Education

Girl Child Education

Due to the negative cultural practices of the people in our operational area, the girl child is discriminated against so far as access to formal education is concerned. The basis for this crime is that the girl child will grow and end up one day staying with another family. So she will transfer automatically whatever she might have gained to the husband's family. This same notion also brings in line the issue of property and inheritance rights where the girl child is not entitled to any property of her family.

Guided by our philosophy which places priority on education as the turnkey for raising the low status of women and girls, we seek to increase access of education for the girl child too. We intend to broaden the opportunities which can accelerate the education of girls. This includes providing sponsorship and creating income-generating projects for the women to enable them provide the educational needs of their children irrespective of their sex.

Early Childhood Education

Research findings have indicated that the academic performance of pupils is greatly enhanced when children undergo early childhood education at an early age of between 3 to 4 yrs. Based on this conception we advocate for early education of children of both sexes by enrolling children in Kindergartens to "tune them up" for the more complicated academic work ahead. This approach is also intended to increase the pass rate of pupils at all levels of the educational system.

Girls Secondary Education

Due to the high cost of secondary education in the country, adolescent girls who get admission to pursue secondary or technical educational programs are not able to go to these schools because their parents cannot simply afford the unaffordable bills even if they want to. According to the Volta Regional Annual Report 2014, the dropout rate for girls in the Tongu districts is 49%. The completion rate for girls at the Basic Education Certificate Examination (BECE) level is 36% and the transition rate for girls from the junior high school (JHS) to the senior high school (SHS) level is 19%. Out of this 50% of those who are able to continue to SHS support themselves through street hawking and or indulging in immoral activities.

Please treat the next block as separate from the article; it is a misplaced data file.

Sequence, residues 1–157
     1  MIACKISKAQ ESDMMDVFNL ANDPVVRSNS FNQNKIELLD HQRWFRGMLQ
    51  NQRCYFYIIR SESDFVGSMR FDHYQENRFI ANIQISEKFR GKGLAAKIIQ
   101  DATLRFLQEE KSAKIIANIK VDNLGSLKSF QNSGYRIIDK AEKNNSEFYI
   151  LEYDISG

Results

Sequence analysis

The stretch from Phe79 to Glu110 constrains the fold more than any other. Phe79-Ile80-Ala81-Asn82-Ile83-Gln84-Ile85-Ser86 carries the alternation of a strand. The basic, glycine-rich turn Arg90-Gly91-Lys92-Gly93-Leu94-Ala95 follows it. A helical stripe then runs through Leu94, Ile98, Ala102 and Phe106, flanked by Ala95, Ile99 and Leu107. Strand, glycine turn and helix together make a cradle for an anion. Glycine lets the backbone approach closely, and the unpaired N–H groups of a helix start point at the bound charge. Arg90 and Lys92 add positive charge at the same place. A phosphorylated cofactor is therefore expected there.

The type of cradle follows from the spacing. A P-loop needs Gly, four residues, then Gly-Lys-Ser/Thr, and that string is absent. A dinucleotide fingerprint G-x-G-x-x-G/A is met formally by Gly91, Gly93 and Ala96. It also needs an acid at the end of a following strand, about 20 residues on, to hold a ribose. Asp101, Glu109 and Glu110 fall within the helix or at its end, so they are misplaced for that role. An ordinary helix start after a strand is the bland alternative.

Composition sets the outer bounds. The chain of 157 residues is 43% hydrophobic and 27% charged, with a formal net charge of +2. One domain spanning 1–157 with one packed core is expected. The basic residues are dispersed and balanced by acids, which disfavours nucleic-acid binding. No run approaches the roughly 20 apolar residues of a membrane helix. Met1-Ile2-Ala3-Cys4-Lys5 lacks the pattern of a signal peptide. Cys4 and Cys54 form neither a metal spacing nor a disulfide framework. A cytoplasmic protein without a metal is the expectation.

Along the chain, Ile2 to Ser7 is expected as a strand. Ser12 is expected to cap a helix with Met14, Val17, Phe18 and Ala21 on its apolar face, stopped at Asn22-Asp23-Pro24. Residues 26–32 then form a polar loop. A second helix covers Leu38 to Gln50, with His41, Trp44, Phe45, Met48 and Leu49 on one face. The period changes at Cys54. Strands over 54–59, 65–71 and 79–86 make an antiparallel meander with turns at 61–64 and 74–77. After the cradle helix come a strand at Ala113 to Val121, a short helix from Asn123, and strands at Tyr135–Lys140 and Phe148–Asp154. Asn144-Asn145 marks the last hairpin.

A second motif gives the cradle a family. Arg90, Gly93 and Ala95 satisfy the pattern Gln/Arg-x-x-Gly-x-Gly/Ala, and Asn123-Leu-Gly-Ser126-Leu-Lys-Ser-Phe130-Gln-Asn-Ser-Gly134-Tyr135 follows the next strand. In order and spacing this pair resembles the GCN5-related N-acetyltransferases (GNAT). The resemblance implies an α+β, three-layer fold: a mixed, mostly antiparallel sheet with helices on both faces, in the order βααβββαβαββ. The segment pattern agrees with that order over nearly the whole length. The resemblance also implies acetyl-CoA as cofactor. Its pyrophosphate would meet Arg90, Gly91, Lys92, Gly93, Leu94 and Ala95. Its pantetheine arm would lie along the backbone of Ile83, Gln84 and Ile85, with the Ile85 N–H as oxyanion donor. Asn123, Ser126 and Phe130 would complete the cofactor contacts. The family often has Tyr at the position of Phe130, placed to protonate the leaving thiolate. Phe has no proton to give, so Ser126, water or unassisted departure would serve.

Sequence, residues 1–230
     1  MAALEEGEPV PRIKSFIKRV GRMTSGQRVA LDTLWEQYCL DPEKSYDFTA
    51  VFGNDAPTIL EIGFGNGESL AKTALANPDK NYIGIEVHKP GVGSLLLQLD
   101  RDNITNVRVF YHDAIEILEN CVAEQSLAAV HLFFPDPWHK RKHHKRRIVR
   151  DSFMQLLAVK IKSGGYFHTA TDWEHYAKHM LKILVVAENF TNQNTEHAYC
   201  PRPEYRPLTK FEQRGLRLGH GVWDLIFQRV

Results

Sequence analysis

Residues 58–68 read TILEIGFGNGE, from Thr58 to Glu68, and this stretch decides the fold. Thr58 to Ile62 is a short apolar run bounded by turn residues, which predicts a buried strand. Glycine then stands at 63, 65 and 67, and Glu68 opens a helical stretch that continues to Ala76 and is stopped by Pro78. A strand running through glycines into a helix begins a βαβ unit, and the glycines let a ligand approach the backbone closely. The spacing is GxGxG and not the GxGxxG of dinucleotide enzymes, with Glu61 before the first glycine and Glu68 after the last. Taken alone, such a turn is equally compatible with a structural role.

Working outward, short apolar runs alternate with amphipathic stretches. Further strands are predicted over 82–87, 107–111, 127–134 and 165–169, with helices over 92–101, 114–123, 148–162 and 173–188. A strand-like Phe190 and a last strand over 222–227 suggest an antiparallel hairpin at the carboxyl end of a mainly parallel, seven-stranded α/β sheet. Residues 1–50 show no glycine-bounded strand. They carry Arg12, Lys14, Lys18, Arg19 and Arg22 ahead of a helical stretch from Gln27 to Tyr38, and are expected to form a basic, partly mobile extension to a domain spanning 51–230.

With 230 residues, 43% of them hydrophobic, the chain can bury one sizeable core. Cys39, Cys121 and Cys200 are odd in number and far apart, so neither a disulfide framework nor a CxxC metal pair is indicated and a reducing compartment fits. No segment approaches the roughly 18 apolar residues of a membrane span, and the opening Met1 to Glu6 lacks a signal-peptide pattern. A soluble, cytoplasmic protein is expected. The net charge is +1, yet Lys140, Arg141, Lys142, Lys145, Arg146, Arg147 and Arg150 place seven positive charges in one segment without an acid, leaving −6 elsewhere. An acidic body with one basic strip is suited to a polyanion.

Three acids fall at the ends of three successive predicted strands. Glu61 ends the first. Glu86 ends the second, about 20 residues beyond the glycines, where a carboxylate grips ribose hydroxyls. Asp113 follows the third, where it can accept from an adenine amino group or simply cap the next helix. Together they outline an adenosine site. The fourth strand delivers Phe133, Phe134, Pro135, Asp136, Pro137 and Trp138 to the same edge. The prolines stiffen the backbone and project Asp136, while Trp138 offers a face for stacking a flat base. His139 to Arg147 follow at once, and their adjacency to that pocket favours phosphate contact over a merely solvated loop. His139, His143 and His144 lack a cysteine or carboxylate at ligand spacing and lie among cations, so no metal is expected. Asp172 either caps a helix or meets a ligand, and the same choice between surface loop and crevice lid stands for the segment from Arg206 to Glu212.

We intend to encourage parents through our advocacy program to do all they can to support the girls to have secondary education since this will broaden their employability on the job market. We want to achieve this objective through the establishment of income-generating activities for the women to enable the mothers to support their girl children too in secondary schools. We also endeavour to institute some sponsorship packages for brilliant but needy girls to continue their secondary education. All these measures are intended to raise the social status of women and enable them regain their dignity.